Trump Is Better Than Obama on Cybersecurity Rules, ACLU Says

President Donald Trump on the South Lawn of the White House upon his return to Washington, D.C., after a Thanksgiving vacation in Florida, on November 26. REUTERS/Yuri Gripas

President Donald Trump's administration is more "transparent" when it comes to some cybersecurity rules, compared to his predecessor Barack Obama's murkier application of measures involving patches to vulnerable computer software and hardware, according to the American Civil Liberties Union (ACLU).

The ACLU was commenting on the current administration's release of the Vulnerabilities Equities Process (VEP), a set of guidelines for the executive branch to determine whether to inform software or hardware producers about a vulnerability within their products or programs. If not, the government could exploit said cybersecurity flaws for the sake of gathering information.

The Obama administration faced backlash for not fully releasing the VEP guidelines. The ACLU praised Trump after his White House released an unclassified, 14-page version on November 15.

"The Trump administration clearly listened to these critiques, and the unclassified version of the 'VEP Charter' issued this week is more comprehensive and transparent than its predecessor," a blog post published Monday read. "In the debate over whether to favor offensive capabilities or defensive efforts, the document states that disclosure serves the national interest in the 'vast majority' of cases."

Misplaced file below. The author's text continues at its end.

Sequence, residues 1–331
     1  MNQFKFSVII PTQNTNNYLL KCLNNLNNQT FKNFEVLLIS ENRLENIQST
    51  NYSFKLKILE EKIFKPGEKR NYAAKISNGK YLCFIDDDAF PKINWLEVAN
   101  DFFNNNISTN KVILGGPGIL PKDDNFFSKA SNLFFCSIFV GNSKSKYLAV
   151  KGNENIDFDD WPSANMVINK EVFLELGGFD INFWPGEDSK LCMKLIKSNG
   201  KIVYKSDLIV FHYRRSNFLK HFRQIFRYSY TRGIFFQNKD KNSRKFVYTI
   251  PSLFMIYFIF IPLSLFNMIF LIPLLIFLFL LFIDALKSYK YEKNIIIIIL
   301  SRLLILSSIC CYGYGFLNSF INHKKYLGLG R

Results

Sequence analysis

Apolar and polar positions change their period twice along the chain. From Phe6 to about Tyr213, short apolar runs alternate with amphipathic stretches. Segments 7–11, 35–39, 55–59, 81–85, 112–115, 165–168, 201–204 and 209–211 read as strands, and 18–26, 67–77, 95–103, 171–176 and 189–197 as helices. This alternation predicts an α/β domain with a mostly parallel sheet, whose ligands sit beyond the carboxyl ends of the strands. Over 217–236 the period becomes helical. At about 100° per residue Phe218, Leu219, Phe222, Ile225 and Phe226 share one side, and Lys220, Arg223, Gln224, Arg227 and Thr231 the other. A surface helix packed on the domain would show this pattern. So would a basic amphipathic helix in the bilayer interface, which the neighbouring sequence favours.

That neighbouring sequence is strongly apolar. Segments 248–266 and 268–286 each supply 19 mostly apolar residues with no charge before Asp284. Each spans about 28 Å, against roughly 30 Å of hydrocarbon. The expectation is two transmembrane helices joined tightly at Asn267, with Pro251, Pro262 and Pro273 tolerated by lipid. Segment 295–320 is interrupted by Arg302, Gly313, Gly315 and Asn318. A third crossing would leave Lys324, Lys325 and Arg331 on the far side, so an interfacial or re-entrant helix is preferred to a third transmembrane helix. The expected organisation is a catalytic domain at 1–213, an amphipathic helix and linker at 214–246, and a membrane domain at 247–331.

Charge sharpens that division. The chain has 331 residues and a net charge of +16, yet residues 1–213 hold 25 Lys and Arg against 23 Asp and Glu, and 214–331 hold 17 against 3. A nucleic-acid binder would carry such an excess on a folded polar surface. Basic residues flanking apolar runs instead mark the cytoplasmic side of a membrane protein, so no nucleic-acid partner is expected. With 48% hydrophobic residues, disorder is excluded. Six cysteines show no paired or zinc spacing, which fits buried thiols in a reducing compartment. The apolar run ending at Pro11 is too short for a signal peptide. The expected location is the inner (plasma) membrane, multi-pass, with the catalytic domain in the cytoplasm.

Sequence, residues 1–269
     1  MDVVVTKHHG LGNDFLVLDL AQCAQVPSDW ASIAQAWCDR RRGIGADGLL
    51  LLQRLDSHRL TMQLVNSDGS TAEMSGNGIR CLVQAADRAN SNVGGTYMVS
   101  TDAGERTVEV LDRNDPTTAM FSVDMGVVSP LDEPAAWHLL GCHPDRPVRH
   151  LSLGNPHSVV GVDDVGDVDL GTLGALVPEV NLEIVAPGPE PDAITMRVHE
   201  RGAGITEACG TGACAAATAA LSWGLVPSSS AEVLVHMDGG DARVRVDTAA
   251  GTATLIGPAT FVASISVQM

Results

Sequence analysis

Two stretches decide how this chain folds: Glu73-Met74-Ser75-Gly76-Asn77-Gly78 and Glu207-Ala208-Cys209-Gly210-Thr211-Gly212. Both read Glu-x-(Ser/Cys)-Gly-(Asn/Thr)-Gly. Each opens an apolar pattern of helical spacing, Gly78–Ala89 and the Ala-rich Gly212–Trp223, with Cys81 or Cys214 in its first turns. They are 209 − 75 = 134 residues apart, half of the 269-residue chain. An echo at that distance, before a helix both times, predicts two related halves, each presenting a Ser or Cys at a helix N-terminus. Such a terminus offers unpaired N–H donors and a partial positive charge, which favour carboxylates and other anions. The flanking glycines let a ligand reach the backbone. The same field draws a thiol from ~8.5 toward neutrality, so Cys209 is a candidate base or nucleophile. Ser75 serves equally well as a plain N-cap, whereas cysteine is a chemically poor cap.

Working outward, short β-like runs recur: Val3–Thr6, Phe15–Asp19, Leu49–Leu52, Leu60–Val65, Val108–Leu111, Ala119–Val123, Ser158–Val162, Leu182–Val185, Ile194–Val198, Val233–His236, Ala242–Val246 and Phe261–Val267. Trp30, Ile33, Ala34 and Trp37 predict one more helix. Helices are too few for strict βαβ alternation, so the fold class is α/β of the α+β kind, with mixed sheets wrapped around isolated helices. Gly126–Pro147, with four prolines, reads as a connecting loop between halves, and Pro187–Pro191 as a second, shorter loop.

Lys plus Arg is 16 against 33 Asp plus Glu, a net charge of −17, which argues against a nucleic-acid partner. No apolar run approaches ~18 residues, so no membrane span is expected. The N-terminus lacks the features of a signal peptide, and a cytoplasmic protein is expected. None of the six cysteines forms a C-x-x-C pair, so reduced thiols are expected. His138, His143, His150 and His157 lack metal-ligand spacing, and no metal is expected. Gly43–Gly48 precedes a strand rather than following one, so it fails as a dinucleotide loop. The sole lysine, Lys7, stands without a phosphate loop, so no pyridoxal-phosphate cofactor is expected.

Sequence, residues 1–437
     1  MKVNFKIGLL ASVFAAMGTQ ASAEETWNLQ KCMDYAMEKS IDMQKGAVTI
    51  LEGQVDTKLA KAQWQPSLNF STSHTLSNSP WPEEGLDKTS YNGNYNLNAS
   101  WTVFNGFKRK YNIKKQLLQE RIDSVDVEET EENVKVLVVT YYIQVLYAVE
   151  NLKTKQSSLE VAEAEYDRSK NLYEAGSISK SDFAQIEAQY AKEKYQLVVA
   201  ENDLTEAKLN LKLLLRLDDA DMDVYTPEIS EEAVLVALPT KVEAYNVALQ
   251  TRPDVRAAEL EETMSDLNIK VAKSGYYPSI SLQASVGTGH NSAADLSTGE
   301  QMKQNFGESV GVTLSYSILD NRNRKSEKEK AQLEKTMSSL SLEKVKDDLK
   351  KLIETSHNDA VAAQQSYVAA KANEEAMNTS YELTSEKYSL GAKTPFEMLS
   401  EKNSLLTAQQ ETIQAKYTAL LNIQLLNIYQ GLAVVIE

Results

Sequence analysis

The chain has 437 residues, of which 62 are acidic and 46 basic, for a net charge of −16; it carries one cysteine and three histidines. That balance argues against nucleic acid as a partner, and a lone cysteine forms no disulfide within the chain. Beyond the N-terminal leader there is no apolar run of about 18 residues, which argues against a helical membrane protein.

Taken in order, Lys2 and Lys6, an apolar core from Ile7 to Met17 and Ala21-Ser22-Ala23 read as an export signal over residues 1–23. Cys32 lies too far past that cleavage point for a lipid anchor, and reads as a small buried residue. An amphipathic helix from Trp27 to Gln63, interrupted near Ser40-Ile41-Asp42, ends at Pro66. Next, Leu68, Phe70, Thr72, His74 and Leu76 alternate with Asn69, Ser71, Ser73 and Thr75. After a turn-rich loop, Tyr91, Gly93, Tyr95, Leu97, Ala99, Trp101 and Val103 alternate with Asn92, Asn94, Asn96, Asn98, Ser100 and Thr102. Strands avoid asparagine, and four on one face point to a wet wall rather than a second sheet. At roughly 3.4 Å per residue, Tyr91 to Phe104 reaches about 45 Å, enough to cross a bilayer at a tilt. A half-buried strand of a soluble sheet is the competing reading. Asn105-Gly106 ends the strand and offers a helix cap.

The VEP report also showed that other major government agencies—not just the Defense Department, Central Intelligence Agency and other members of the intelligence community—also are part of the Equities Review Board that decides how to apply the guidelines. Those agencies include the treasury, state, energy and commerce departments.

However, the civil rights and liberties defense group did not let the U.S. government or Trump off the hook over the debate about keeping cybersecurity vulnerabilities secret. The U.S. intelligence community already dealt with one such flaw earlier this year.

In May, a vulnerability in Microsoft software was used to create ransomware, which can lock individuals out of their computers unless a ransom is paid. That vulnerability ended up affecting more than 200,000 victims in at least 150 countries, according to CNN.

Later it was learned that the vulnerability was exploited by a hacker group using material from the National Security Agency. Originally, the hackers, called "Shadow Brokers," tried to sell the NSA malware, then dumped it online in April for others to tinker with it.

The crux of the issue comes down to how the U.S. can be open to the public about VEP while using the vulnerabilities for the military and intelligence community's benefit.

"Our society has grown intertwined with our IT technology, so if there's a flaw in those systems, there is an imperative to close that hole and make sure it's not exploited," White House cybersecurity coordinator Rob Joyce said, according to Wired, at the Aspen Institute the same day the VEP report was released. "On the other side, you've got the need to produce foreign intelligence, the need to support war fighters, the need to conduct operations in this new cyber environment. And in fact a lot of the knowledge we get to defend systems is gained…from these same sorts of vulnerabilities. So either extreme isn't good for the country."